This structure allows us to operate at a very local level for independent companies in each region and easily switch to a broader view for national organisations looking to reach audiences across the UK. 

It is also important to ensure that sector expertise - across areas such as property, health, education, the environment and CSR - is not confined to any given region. Rather than housing these capabilities within silos, a better approach is to create ‘virtual' expert teams of specialists and sector experts.

So, for example, Christine Emmingham, who heads our Northern operation, plays a key role in our virtual education team, sharing learnings gained from her clients in the region with the group.

An example of this strategy comes from our work with the West Midlands Regional Development Agency through Advantage West Midlands (AWM), where we have been able to engineer our consultancy team to combine regional insight with sector knowledge.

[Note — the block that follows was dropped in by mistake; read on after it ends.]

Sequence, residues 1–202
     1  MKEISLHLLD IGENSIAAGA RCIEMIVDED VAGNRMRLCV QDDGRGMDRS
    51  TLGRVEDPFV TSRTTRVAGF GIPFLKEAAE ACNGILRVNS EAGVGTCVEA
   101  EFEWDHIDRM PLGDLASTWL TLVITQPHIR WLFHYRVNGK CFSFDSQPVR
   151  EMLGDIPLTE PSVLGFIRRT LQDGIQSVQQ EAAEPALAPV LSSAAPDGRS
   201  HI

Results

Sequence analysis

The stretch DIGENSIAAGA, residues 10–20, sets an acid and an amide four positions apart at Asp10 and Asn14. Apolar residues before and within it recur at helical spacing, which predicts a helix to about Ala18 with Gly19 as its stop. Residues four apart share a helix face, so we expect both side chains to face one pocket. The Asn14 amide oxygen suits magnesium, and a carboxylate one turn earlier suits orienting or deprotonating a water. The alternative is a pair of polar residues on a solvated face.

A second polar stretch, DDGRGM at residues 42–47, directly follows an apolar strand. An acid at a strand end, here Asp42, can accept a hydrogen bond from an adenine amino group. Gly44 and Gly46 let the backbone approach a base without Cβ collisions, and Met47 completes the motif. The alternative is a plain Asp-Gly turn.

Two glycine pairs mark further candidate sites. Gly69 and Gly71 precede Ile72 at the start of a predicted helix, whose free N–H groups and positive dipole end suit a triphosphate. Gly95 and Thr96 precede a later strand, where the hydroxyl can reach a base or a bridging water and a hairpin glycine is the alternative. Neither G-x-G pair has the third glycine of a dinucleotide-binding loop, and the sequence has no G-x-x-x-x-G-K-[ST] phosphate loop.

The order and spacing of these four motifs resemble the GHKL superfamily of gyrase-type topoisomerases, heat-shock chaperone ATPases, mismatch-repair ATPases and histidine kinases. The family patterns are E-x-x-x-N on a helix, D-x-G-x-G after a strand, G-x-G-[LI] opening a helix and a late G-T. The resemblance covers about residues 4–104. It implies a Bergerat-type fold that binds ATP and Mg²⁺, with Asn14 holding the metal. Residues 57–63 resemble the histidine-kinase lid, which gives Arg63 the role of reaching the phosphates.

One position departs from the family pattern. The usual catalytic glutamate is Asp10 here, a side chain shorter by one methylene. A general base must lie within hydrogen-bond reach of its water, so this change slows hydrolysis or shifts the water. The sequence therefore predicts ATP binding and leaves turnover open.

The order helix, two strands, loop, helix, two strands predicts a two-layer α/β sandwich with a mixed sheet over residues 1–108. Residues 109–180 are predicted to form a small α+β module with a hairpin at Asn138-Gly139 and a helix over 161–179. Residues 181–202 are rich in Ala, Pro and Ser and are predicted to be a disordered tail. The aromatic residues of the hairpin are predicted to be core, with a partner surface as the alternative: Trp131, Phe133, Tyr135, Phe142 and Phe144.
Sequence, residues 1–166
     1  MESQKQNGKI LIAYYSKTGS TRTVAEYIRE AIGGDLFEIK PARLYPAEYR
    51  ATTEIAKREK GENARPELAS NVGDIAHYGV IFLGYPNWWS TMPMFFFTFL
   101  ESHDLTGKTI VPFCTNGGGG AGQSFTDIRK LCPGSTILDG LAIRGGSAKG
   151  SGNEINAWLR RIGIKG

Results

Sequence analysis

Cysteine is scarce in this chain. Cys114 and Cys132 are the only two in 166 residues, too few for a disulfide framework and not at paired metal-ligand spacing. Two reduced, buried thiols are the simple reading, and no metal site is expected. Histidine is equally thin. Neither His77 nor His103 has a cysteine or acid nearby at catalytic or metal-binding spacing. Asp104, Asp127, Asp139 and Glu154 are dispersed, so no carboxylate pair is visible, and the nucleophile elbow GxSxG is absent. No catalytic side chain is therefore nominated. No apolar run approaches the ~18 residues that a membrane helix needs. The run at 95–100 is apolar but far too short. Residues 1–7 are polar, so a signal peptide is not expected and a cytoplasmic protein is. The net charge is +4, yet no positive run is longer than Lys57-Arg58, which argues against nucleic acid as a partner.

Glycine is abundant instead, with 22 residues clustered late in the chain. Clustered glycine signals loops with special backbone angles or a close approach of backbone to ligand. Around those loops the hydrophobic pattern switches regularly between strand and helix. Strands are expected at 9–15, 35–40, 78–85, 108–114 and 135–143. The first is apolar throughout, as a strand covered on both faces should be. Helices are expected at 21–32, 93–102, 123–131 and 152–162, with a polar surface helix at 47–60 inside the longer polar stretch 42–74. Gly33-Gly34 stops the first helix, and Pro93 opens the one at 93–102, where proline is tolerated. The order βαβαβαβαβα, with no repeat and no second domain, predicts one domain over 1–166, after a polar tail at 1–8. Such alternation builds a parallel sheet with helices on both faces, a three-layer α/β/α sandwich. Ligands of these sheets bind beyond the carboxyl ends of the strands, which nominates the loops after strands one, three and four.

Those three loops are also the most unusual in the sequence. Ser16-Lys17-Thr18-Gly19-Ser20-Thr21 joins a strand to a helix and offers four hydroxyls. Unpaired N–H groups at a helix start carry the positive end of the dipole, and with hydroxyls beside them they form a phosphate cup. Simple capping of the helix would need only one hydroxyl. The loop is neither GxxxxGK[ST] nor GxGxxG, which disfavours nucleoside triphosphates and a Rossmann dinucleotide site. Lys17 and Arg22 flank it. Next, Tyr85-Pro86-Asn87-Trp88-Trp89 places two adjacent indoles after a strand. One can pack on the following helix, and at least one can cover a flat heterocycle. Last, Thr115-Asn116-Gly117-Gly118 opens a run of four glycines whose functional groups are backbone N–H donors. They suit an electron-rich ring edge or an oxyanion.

AWM's brief requires Trimedia to deliver PR that supports its recently launched Business Cluster Programme in 11 industry areas.

To meet the brief, Trimedia has fielded a multi-disciplined consultancy team, with the core team operating from our Birmingham-based Midlands operation, together with a team member from each of our centres of excellence, corresponding with each of AWM's clusters. This provides AWM with a 13-strong team that collectively combines regional insight and in-depth knowledge of each of the 11 sectors the campaign supports.

Whatever the PR requirement in the regions, an agency must provide the right combination of geography, insight, expertise and experience.